by Katy Dartford
Glimmering pale golden yellow like the limestone rock faces of Baume-les-Messieurs, in the Jura region of south west Franche Comte, I sip a glass of its famous vin jaune or ‘yellow wine.’ My expectations are high, as recently an amateur wine group paid a record £48,000 for a 240 year old bottle, containing grapes harvested during the reign of Louis XVI. Mine is a much younger bottle, but still had the characteristic hints of fortified sherry, nut and straw. Made from the local Savagnin grape, it acquires its characteristic yellow colour and unique flavours as its filtered through straw and aged for the required time of six years and three months.
I’m dining at “Au Verbe Aimer” restaurant in La Parenthese Hotel, set in the heart of the Jura region. Their cellar has over 120 wine selections, so I’m sampling a different one with each course; from a 2004 Cotes du Jura made with a blend of Savagnin and Chardonnay grapes, an Arbois pinot noir, a deep purple 2009 Rouge Vermeil, all the way through to a 1955 bottle of Cotes du Jura. As I sip my yellow wine I’m encouraged to taste local cheeses like the creamy Cancoillotte, an almost liquid cheese made from “metton,” a raw curdled, milk, that’s skimmed and heated, with a little garlic or white wine added. Apart from Laughing Cow cheese, the region is also well known for varieties like Comté and Morbier, which is striped with a black layer of wood ash.
From La Parenthese Hotel you can visit Château-Chalon, one of the first villages to be granted an appellation contrôlée, and where only le Vin Jaune is produced. Classified as one of the most beautiful villages of France, you can visit the remnants of its 13th century castle and the ancient fortified gateway to the town and wonder around the Chateau-Chalon vineyards which date back to Roman times. Vin Jaune is very much celebrated in the region and every February the festival; La Percée du Vin Jaune (Opening of the Yellow Wine) is held for the newly released vintage. Tthe event takes place in a different town each year, in 2010 it was hosted Poligny, where Louis Pasteur carried out many of his experiments and in 2011 it was Arbois.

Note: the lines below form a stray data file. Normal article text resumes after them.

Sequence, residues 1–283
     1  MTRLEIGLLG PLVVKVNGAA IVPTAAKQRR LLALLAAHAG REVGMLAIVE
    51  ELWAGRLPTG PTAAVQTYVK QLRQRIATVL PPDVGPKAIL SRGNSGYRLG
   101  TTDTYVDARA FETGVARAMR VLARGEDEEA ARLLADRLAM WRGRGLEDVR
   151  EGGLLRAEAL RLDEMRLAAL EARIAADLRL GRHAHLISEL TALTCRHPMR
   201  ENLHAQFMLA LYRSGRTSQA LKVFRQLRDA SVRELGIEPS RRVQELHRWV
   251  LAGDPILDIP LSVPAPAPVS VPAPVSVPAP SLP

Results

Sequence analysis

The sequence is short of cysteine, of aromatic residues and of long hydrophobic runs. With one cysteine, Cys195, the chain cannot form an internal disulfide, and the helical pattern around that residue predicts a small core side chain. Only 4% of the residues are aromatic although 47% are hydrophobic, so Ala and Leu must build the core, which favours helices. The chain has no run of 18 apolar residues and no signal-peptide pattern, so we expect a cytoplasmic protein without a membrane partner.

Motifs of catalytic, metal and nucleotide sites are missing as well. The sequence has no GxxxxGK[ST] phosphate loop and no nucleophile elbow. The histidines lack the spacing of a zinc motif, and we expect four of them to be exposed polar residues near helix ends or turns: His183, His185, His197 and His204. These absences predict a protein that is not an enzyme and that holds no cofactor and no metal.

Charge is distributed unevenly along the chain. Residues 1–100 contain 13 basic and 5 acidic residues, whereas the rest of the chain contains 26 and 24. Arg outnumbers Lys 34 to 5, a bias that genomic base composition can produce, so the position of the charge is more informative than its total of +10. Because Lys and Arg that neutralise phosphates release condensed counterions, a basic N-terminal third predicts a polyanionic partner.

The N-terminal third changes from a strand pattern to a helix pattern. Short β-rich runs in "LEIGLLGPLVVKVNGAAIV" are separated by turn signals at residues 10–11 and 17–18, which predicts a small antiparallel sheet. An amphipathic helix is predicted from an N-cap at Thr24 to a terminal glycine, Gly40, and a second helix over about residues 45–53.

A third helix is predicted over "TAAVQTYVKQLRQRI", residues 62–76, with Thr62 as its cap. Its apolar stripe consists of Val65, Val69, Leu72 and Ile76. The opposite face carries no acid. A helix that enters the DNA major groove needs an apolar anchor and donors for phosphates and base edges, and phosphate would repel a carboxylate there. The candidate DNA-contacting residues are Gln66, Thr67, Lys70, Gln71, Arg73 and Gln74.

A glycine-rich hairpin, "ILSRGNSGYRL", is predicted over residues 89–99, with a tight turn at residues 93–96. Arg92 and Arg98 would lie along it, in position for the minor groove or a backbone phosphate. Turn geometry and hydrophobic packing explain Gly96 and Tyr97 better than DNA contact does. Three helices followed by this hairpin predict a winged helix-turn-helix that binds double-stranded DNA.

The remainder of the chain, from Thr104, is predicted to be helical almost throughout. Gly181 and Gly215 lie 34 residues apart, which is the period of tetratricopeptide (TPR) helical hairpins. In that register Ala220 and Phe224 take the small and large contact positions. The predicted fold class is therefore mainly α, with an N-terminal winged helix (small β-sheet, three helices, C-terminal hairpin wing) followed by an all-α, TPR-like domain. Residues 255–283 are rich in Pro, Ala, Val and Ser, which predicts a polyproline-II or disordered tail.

But the Jura is not all about wine. The Jura Mountains themselves (Jura, meaning forest mountains) are perhaps not as majestic as the Alps, but are more accessible and France’s first cross-country skiing area, providing caving, climbing, horse riding, hiking and mountain biking. Head east from Chateau-Chalon, you come to Baume-les-Messieurs, a picturesque village at the end of a large gorge. Surrounded by steep wooded slopes, rising to high cliffs is the Cirque de Baume, the meeting place of three impressive valleys. Close by are the Grottes de Baume and the Tuffs’ Cascade. (40min guided tours daily: €5.) As we climb towards the entrance of the cave we pass under a “ponytail” of water, shooting out into the air. The jet of water is only formed when levels in the cave get high and is diverted out through a tight hole. Inside, Jurassic limestone stalactites fill the caves cavernous ‘rooms’ They are carefully lit, and I spot some graffiti dated from 1876. I can hear the odd flutter of a bat, and our guide tells us they are so used to people they sometimes bump into them as they’ve switched their radar off. There are also small blind shrimps in the puddles which eat the bat excrement. They have no predators here so can live for up to 20 years. The highest room is 71 meters high, a crack created by the formation of the Alps. It has good acoustics, so they call it the festival room and classical music concerts have been held there. Our guide switches on some music and it reverberates around the room, bouncing of the organ shaped stalactites.
Heading south from the Baume-les-Messieurs you reach the stunning Hérisson cascades. Formed as the river of the ‘Hedgehog’ descends 805 meters, creating a series of 31 jumps and seven waterfalls, the most famous being the Eventail at 65 meters and the Grand Saut at 60 meters. The whole route can take around 3 hours to walk ( over 7km) but it’s not circular, so you can walk up to as many of the cascades as you have the energy for and then turn back. The tumbling waters gets more and more impressing as they crash down, one after the other as the Herrison River pulses on, before crossing the lakes of Val and Chambly. We parked at the bottom of the falls and walked about half way. At the second fall, you can cross and go behind it. Arriving at the halfway mark, the river is calm and you can take a dip.